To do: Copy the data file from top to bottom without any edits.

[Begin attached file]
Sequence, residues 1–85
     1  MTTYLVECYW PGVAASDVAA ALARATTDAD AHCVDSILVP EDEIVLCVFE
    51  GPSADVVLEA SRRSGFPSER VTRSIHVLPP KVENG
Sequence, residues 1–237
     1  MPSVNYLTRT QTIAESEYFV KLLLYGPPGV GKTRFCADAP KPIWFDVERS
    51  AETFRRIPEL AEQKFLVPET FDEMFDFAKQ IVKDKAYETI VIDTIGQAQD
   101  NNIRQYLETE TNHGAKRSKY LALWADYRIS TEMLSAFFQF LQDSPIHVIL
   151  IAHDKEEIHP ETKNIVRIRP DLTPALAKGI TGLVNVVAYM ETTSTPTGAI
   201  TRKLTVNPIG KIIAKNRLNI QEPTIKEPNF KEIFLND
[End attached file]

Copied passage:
Sequence, residues 1–85
     1  MTTYLVECYW PGVAASDVAA ALARATTDAD AHCVDSILVP EDEIVLCVFE
    51  GPSADVVLEA SRRSGFPSER VTRSIHVLPP KVENG
Sequence, residues 1–237
     1  MPSVNYLTRT QTIAESEYFV KLLLYGPPGV GKTRFCADAP KPIWFDVERS
    51  AETFRRIPEL AEQKFLVPET FDEMFDFAKQ IVKDKAYETI VIDTIGQAQD
   101  NNIRQYLETE TNHGAKRSKY LALWADYRIS TEMLSAFFQF LQDSPIHVIL
   151  IAHDKEEIHP ETKNIVRIRP DLTPALAKGI TGLVNVVAYM ETTSTPTGAI
   201  TRKLTVNPIG KIIAKNRLNI QEPTIKEPNF KEIFLND